Wood Science and Technology Workers


Employment Prospects


Most wood scientists and technologists are employed in private industry. Firms that deal with forest products, such as mills, manufacturers of wood products, suppliers to the wood products industry, forest products associations, and paper and pulp companies all hire these kinds of workers. Independent contract research firms may also be sources of employment. Universities and federal and state agencies, such as the Extension Service, hire wood science and technology experts to work on various research projects.

Geographically, careers in wood science and technology tend to be situated near large wood-producing forests and mills. Most wood science technologists work along the Eastern Seaboard, in the North Central States, in the Pacific Northwest, and in the southern states from Virginia to eastern Texas.

Starting Out

Wood science and technology jobs are not hard for qualified applicants to come by. Many forestry firms recruit new employees during visits to campus, and new graduates of wood science and technology programs often learn about employment opportunities through their colleges' career services offices. Other sources of information are professional groups, which may maintain job referral or resume services, and trade magazines, which often carry want ads for job openings. Information on jobs with the federal government can be obtained from the Office of Personnel Management.

Advancement Prospects

Moving ahead in the wood science field depends on ingenuity, skills, and the ability to handle important projects. There is no typical career path, and advancement can come in the form of promotions, pay raises, or more important assignments. People with management skills may rise to become sales managers, division chiefs, or directors, although the size of the company often dictates the opportunities for advancement. Larger companies obviously offer more places within the organization, so advancement may be quicker than in a smaller company.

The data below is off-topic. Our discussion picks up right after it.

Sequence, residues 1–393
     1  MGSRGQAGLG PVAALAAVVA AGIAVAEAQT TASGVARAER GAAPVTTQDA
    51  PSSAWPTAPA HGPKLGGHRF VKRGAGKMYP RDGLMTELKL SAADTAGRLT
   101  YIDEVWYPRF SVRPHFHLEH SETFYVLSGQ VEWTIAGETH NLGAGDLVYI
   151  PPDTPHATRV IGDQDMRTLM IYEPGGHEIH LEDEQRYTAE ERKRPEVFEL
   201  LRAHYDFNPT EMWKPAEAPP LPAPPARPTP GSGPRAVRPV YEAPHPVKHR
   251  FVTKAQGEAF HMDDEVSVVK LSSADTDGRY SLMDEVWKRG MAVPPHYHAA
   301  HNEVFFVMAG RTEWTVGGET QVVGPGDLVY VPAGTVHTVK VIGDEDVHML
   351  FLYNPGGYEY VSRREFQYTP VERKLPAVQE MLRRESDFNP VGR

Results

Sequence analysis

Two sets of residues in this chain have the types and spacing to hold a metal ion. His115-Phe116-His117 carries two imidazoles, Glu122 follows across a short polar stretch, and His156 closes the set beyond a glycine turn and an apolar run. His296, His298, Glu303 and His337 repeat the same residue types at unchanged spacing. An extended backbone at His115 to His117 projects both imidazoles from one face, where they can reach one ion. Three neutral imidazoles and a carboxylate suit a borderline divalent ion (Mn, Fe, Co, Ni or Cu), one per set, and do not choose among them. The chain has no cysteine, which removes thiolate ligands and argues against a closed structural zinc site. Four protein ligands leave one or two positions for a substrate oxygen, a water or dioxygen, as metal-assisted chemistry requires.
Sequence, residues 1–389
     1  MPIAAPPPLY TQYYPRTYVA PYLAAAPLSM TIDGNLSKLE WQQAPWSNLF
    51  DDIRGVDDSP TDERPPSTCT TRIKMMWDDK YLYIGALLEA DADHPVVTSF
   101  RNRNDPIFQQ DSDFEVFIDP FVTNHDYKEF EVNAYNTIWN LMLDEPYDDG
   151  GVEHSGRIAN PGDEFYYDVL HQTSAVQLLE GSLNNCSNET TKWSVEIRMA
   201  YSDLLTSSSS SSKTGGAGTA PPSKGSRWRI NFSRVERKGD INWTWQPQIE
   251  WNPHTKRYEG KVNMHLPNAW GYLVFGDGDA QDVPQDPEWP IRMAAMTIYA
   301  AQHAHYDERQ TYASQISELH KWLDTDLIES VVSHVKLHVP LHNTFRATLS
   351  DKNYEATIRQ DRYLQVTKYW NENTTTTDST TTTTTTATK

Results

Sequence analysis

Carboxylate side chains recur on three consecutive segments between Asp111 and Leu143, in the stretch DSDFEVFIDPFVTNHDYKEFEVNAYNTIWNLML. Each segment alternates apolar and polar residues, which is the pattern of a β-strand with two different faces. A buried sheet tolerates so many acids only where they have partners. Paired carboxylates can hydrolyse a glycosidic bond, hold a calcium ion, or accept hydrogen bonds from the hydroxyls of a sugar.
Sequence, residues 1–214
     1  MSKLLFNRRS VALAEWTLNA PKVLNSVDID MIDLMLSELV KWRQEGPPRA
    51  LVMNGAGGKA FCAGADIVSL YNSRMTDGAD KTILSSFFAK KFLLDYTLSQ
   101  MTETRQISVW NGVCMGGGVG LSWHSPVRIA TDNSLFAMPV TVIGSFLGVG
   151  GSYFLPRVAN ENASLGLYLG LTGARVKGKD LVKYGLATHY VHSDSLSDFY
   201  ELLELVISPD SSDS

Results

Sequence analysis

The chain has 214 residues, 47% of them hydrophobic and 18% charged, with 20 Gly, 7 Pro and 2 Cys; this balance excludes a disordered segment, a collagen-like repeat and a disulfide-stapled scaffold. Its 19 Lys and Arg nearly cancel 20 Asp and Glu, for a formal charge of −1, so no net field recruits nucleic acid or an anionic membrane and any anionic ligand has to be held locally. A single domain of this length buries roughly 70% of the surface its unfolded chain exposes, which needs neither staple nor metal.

A master's degree or a Ph.D. can be the ticket to advancement for those working in research; workers in this field may be granted permission to conduct independent research or be promoted to heads of research operations. Wood science and technology employees in the business area of the industry may find that additional schooling makes them better candidates for higher administrative positions. Wood products technicians may find that earning a bachelor's degree can help them move up to the position of wood technologist.

Tips for Entry

Read Wood and Fiber Science Journal, Forest Products Journal, and Wood Design Focus to learn more about the field.

Visit the following Web sites for job listings:

  • https://www.swst.org/wp/careers/careers-applied-science-engineering
  • https://jobs.forestprod.org
  • https://www.nhla.com/jobs-experts
  • https://careercenter.eforester.org

Visit https://www.swst.org/wp/careers/exploring-profession-forest-products to read Exploring a Profession in Forest Products.